Today, I wanted to talk about some of my ideas for economic development in Plainfield, both residential and commercial. That term, "economic development," gets tossed around quite a bit—it’s become a cliché to hear candidates use it as part of their campaign rhetoric. I am aware of that, but I want to move beyond rhetoric and into the realm of the possible.
I will provide you with my ideas on how Plainfield can benefit from my vision of how a pro-active council member can work to aggressively court businesses to relocate here, as well as to build the kind of quality residential development that will serve as a “magnet” to attract new residents.
I attended the recent visioning charette that Councilman Cory Storch began proposing back in April of 2009 and that the other councilors and the administration have since signed onto. It was wonderful to see what we, as a Plainfield community, are envisioning for our collective future. While it is a good first move, I have a vision, too—and some of it can be realized NOW, in the present.
First of all, development must include attracting new businesses. Part of stabilizing our property taxes is dependent on actively recruiting new businesses--retail, professional, commercial, and light-industrial--in order to broaden our tax base. According to the statistics, in the 1960s, non-residential taxpayers in Plainfield accounted for about one third of the tax receipts—in this decade, that share has fallen to about 17%. There is no way that residents can see any kind of tax stabilization without real improvement on this score.
There has been no strong effort to bring in businesses to see what we have to offer, which is disheartening, because we have several advantages over other municipalities. We have many available properties here in Plainfield, especially in the Fourth Ward, and along our Rte. 28 industrial corridor there and in the other parts of town. In addition, we can thank the late Al McWilliams for making sure that the North Avenue corridor was rebuilt fiber-optic ready, as we are already ahead of scores of other municipalities in this regard.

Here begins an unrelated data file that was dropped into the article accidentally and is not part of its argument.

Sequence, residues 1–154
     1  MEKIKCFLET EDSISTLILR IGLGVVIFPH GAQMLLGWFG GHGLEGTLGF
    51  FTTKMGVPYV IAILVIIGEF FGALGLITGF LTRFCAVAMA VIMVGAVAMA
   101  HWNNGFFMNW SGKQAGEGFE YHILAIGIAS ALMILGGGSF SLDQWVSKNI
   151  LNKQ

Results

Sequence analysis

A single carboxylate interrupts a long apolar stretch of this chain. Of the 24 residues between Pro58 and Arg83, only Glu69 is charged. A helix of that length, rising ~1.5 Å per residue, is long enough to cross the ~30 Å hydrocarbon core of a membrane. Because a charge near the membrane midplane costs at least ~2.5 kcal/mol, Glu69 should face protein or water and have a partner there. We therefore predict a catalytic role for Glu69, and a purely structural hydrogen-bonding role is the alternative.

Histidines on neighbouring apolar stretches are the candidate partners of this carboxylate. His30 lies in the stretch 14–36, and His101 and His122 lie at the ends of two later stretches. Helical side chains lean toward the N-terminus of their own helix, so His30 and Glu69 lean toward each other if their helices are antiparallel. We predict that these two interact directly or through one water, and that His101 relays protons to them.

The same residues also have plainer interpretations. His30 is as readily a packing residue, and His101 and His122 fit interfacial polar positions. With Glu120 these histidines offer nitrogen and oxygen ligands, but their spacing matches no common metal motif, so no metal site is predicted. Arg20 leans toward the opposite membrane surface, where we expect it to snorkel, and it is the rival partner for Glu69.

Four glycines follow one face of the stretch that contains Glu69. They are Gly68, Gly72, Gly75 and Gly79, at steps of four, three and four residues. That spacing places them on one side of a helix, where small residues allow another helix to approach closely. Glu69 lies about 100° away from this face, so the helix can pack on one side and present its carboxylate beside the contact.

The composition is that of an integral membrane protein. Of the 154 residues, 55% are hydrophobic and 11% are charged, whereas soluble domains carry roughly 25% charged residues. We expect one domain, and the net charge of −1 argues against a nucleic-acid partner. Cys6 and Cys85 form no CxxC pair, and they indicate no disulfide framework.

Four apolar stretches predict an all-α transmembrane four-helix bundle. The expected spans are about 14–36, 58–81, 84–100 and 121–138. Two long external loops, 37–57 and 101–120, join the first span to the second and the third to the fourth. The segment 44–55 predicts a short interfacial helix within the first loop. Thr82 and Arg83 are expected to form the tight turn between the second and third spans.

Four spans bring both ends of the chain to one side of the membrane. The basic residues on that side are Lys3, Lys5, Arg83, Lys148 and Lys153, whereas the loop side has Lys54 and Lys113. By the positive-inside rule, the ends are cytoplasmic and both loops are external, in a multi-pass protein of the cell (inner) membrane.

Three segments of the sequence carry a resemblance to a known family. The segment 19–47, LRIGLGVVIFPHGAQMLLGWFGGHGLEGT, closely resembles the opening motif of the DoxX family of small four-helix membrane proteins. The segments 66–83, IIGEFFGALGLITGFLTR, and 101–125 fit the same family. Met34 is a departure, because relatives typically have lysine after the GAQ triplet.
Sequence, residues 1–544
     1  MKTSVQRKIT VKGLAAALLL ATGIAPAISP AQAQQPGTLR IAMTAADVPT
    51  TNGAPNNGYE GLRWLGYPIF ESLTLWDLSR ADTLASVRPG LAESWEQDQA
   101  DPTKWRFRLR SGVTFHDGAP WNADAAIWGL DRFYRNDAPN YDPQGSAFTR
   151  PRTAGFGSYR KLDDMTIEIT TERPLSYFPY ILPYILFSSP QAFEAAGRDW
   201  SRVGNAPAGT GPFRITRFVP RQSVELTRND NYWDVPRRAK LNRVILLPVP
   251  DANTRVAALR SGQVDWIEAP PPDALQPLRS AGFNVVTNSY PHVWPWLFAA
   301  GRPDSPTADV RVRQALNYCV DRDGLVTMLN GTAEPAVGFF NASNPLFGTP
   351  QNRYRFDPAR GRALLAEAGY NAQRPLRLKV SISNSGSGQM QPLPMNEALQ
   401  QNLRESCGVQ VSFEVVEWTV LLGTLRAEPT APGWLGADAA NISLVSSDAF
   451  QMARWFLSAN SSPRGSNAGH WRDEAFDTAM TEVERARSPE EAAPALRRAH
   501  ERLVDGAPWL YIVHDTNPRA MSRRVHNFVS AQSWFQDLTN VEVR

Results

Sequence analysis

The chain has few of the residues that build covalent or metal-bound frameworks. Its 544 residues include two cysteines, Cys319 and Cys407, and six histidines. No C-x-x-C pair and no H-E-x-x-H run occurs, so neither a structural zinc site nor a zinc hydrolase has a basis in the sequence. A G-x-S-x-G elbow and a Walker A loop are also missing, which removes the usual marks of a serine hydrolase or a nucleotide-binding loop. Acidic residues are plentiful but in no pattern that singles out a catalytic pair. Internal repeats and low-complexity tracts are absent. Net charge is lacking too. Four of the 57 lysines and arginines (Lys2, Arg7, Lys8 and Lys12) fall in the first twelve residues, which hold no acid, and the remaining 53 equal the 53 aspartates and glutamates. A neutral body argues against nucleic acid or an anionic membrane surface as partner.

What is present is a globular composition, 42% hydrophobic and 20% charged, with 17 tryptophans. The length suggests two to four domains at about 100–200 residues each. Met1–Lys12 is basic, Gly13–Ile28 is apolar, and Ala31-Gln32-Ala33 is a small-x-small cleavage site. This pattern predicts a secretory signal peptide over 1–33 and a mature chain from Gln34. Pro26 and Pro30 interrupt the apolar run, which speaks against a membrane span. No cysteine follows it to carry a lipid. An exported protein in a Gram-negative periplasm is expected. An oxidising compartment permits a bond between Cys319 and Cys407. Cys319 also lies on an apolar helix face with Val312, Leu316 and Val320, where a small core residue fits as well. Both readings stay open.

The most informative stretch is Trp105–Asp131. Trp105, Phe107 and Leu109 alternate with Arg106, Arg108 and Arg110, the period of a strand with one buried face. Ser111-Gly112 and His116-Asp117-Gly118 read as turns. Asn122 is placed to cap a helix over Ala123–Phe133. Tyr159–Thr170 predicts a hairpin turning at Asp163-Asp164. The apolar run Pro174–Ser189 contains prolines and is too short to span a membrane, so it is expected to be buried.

Equally important, however, is the fact that our city is uniquely situated next to Route 22 and I-78. For instance, if you have ever been to Newark (where I teach at Essex County College), you know what it’s like for trucks and other vehicles to make deliveries and pickups in the heart of the downtown of the city, with its congested and narrow streets. Simply getting to the turnpike or the interstate can take as much as 30-40 minutes.
These businesses wouldn’t have that kind of problem if they were to move to Plainfield. We are in a truly advantageous position, but we must actively court these businesses. Therefore, I propose that the administration do a complete inventory of what is available, in terms of properties, so that the Economic Development team can work on creating a really aggressive marketing plan to bring these businesses here.
There is no reason that the city council cannot work aggressively, hand in hand with the administration, to go after businesses that will relocate and stay. And I am not talking about just retail businesses, I am talking about businesses that can occupy some of our industrial corridor along North Avenue in the Second and Third Wards, as well as the Rte 28 areas in the Fourth Ward, where we have a number of vacant and underutilized properties available for the right businesses to come in. We can incentivize these and make them attractive, given the easy access to the highways.
Under the McWilliams administration, there was a marketing plan that focused on home-related businesses, like New Jersey Hardwoods on West Front Street, like Appliance-Arama on Second Street, like the upscale rugs and carpeting stores that buyers from all over the surrounding areas go to. That marketing plan was abandoned, and my opponent has sat on the council for nearly six years and has done nothing to bring new businesses here, or to petition the administration to create a strong marketing plan.